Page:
Meet cute

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A meet-cute is a scene in film, television, etc. in which a future romantic couple meets for the first time in a way that is considered adorable, entertaining, or amusing.[1]

This type of scene is a staple of romantic comedies, commonly involving contrived, unusual, or comic circumstances. The technique creates an artificial situation to bring together characters in a theoretically entertaining manner. Frequently, the meet-cute leads to a humorous clash of personalities or beliefs, embarrassing situations, or comical misunderstandings that further drive the plot.

Use of "meet cute" situations[edit]

[The character] is conveniently importuned by this attractive young fellow she happens to run into—to "meet cute," as they say—on a Fifth Avenue bus.

Bosley Crowther, in his February 1964 review of Sunday in New York[2]

The term is widely used by screenwriters. Billy Wilder uses it in a 1996 Paris Review interview, in reference to his 1938 screwball comedy film Bluebeard's Eighth Wife, adding that the concept was "a staple of romantic comedies back then".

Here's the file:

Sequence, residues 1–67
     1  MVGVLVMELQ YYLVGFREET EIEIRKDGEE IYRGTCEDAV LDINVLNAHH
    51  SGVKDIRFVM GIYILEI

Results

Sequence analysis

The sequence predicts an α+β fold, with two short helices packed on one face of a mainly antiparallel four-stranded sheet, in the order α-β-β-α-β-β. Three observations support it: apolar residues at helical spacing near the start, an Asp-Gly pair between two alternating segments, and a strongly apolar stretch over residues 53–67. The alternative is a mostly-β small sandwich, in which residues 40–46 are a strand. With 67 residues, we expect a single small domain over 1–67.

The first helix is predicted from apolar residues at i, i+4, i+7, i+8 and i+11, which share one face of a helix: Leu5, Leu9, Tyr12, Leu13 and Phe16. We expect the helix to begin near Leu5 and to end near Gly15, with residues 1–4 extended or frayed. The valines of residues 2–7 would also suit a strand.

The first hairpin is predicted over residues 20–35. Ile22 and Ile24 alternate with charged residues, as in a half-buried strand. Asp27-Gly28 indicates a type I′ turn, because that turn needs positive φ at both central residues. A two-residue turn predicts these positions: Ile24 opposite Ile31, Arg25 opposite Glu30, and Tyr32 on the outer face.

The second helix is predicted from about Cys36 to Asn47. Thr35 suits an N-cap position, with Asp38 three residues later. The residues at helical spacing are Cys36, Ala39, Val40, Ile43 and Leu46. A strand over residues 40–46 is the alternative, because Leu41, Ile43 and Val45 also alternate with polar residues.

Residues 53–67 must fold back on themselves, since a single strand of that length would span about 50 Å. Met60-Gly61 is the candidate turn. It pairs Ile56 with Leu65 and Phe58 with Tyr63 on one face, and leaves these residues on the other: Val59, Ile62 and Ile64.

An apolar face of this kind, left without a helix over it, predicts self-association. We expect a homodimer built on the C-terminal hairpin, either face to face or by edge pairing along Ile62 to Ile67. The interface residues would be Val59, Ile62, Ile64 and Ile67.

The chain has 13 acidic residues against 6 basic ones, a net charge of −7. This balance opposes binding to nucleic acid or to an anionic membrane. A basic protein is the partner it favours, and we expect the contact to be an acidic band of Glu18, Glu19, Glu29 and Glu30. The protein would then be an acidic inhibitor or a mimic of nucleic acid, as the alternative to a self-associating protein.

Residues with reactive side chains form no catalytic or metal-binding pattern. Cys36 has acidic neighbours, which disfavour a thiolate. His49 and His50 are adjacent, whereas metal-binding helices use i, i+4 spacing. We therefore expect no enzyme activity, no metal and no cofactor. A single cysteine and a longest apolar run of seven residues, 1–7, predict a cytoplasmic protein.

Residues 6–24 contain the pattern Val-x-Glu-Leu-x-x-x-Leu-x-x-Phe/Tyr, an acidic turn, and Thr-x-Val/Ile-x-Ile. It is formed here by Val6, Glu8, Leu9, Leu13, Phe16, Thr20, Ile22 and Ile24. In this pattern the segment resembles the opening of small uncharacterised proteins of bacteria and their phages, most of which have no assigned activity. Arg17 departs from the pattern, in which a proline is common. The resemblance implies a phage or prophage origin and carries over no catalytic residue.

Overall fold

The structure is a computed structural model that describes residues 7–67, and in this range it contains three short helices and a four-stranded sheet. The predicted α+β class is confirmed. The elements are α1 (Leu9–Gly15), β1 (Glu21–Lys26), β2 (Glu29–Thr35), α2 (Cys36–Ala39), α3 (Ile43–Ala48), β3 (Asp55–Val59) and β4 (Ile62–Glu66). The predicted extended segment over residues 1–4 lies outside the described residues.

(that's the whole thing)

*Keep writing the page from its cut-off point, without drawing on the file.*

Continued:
Film critics such as Roger Ebert[3] or the Associated Press' Christy Lemire popularized the term in their reviews. In Ebert's commentary for the DVD of Beyond the Valley of the Dolls, which he co-wrote, he describes the scene where law student Emerson Thorne bumps into the female character Petronella Danforth. Ebert admits that he, as the screenwriter, wrote into the script a "classic Hollywood meet cute." He explains the meet cute as a scene "in which somebody runs into somebody else, and then something falls, and the two people began to talk, and their eyes meet and they realize that they are attracted to one another."

In the 2006 American romantic comedy The Holiday, one of the characters, Arthur, an elderly script writer (played by Eli Wallach), explains a meet cute with an example: "It's how two characters meet in a movie. Say a man and a woman both need something to sleep in, and they both go to the same men's pajama department. And the man says to the salesman: 'I just need bottoms'. The woman says: 'I just need a top'. They look at each other, and that's the meet cute." Arthur is in fact describing the meet cute between Gary Cooper and Claudette Colbert in the aforementioned Bluebeard's Eighth Wife.


  1. ^ "meet cute". Random House, Inc. (via Retrieved November 15, 2011. 
  2. ^ Bosley Crowther (February 12, 1964). "Krasna Comedy: Sunday in New York Stars Jane Fonda". The New York Times. Retrieved 2010-12-21. 
  3. ^ Three to Tango "meet-cute" by Roger Ebert

External links[edit]